'He was a good swimmer, he could swim before he could walk' - Dad of drowning victim warns of water danger as heatwave hits
The dad of a young man who died after falling into the River Wear has called on people to look out for each other as the summer holiday heatwave continues.
With temperatures expected to hit 27 °C tomorrow (Thursday, July 25) a warning has been issued for holidaymakers to keep safe while around water.
Dave Irwin, 46, has become a campaigner in the wake of his son Ross’s death in the River Wear in Fatfield, Washington, following a night out in December 2016.
In the wake of the 22-year-old’s death, his family have installed a bench near to the water and have also backed a series of safety measures including life rings on the banks of the river.
Dave, a crew manager for Tyne and Wear Fire and Rescue Service based at Washington Community Fire Station, has invested his knowledge and experience into educating youngsters on how to stay safe, leading talks in schools and at sessions held at SafetyWorks, which passes on lifesaving messages to children.
“We think Ross fell and blacked out straight away and that it was cold water shock led him to drown,” he said.
“That’s why we want to get the message across and say how important it is to educate your kids about that danger.
“I have always said I won’t let him die in vain and any person could drown, and I don’t want any family to go through what we have, it’s been absolutely horrific.
“I’ve got a video I show the children about Ross and it’s quite hard hitting and when the video finishes, the silence from the young people is deafening.”
Ross, who had cerebral palsy and worked at the Child Benefit Centre at Washington’s Waterview Park, had been on a night out after work the previous evening and was last seen telling friends he was going to get a taxi to Sunderland.
It is thought he ended up in the water after lost his footing on the river bank close to the stretch of pubs on Bonemill Lane.
His death also left mum Debbie and brother Jack, 15, devastated.
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Dave, who lives in Washington, added: “Ross was a good swimmer, he could swim before he could walk, and I made sure he was a good swimmer because of his disability.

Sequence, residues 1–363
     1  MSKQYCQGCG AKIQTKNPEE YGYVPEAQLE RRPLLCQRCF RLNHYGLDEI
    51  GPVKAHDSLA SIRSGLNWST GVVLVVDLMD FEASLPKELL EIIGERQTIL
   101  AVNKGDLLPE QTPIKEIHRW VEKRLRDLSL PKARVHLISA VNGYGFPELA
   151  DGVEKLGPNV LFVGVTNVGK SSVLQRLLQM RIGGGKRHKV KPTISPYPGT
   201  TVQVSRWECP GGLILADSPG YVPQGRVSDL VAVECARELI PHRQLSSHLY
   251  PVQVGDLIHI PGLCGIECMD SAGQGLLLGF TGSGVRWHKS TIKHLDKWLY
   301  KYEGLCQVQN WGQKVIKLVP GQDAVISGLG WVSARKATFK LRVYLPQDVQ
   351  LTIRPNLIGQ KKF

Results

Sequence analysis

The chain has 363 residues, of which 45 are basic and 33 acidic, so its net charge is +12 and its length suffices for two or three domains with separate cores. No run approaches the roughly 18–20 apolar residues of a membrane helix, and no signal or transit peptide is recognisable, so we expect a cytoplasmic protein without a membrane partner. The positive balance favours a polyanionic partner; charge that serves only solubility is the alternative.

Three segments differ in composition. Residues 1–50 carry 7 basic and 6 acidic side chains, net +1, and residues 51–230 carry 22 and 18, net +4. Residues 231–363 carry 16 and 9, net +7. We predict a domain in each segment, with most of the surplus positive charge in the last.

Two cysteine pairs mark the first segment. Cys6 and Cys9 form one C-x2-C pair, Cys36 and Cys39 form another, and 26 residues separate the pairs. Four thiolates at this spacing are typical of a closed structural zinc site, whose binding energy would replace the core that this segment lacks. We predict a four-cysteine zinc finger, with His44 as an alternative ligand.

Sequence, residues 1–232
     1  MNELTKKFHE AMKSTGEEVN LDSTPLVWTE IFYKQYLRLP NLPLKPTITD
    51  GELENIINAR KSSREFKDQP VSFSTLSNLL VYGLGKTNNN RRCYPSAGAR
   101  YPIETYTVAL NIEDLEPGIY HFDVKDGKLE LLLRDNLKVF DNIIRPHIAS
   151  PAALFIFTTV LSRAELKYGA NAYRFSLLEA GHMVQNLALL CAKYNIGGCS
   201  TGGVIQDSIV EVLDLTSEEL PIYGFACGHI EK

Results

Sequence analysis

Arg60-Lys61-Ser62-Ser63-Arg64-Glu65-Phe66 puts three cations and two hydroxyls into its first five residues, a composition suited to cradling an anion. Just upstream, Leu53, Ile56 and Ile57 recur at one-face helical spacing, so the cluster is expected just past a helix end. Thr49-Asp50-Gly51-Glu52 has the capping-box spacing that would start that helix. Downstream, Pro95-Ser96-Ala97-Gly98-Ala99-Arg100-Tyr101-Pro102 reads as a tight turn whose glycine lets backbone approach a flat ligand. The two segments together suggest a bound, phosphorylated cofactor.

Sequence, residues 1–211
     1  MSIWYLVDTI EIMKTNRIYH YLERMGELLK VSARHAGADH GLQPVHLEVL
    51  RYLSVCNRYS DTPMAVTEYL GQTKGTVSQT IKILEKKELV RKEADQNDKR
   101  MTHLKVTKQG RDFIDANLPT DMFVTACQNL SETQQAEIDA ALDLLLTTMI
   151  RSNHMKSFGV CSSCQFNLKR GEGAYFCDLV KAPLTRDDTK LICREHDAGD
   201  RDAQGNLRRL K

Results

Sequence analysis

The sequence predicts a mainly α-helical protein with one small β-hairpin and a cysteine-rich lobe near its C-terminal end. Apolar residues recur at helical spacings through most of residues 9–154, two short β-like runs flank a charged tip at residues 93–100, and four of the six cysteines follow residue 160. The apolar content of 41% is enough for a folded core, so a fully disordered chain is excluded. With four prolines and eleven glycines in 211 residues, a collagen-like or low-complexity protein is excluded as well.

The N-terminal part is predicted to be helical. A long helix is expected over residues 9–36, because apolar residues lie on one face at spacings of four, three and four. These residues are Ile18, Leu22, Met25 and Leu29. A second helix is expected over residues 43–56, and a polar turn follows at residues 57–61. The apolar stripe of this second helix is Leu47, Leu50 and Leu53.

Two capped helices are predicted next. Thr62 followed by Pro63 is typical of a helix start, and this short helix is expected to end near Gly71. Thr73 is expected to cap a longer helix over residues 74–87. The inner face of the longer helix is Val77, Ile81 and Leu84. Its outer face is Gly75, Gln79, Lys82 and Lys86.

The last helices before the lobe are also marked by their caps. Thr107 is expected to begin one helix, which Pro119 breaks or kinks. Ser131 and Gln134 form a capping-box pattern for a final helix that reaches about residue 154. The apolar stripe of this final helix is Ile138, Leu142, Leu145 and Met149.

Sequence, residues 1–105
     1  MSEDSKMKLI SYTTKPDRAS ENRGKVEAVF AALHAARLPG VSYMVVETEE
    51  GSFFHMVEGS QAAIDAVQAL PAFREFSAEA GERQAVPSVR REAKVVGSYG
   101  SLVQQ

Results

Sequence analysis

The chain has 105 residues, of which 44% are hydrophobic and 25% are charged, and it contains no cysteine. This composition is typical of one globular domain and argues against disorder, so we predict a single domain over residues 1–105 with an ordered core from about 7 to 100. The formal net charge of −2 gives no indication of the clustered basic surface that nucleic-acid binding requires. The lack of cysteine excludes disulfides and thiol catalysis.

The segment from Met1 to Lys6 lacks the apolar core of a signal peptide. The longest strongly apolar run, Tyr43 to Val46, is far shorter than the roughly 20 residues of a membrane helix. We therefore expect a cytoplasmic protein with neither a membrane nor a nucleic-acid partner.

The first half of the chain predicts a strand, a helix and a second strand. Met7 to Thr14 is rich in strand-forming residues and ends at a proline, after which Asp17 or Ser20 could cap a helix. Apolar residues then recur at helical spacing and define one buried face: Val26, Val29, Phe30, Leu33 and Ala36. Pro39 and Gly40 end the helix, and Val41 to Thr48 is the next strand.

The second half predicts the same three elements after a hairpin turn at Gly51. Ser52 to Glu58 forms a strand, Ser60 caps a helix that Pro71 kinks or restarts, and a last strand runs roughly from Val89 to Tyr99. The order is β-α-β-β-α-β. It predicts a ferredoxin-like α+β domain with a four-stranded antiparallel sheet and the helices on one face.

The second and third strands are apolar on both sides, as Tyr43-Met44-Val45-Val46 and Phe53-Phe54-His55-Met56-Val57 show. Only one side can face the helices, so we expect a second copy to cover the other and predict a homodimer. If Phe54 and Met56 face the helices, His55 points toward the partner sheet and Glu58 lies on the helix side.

“We’re having a heatwave this week and we’ve got lots of people around open water.”
Sunderland City Council has backed Dave’s calls and has urged young people to stay safe near water during the summer holidays, as is the RNLI, which has already dealt with calls including two girls being swept out to see on an inflatable flamingo.
The charity has urged people to only swim off beaches which are monitored by lifeguards and in between the red and yellow flags.
Councillor John Kelly, the council’s cabinet member for communities and culture, said: "No one wants to see their loved ones go through what Ross's family has gone through so I'd urge everyone to follow the advice of the RNLI in staying safe.
“Drowning is the third highest accidental cause of death in young people in the UK, so it's really important that young people, their parents, grandparents and the wider community are aware of the dangers and think about whether it's safe before they venture into the water.
"Sadly, Ross's death is only one of a number of fatalities in the city in recent years and we know all too well how easy it is to get into difficulty in the water, which is why continue to work with partners like the RNLI and RLSS and the emergency services to promote water safety messages."
The RNLI’s team of guards monitoring Sunderland’s seafront will be on duty from 10am to 6pm daily during the holidays.More information can be found via its site respectthewater.com.
Sunderland has had an active Water Safety Partnership since 2015 which works to raise awareness of the dangers of swimming in open water with an annual water safety programme.
This is led by the council and its members include the RNLI, the RLSS, Tyne and Wear Fire and Rescue Service, Northumbria Police and Everyone Active.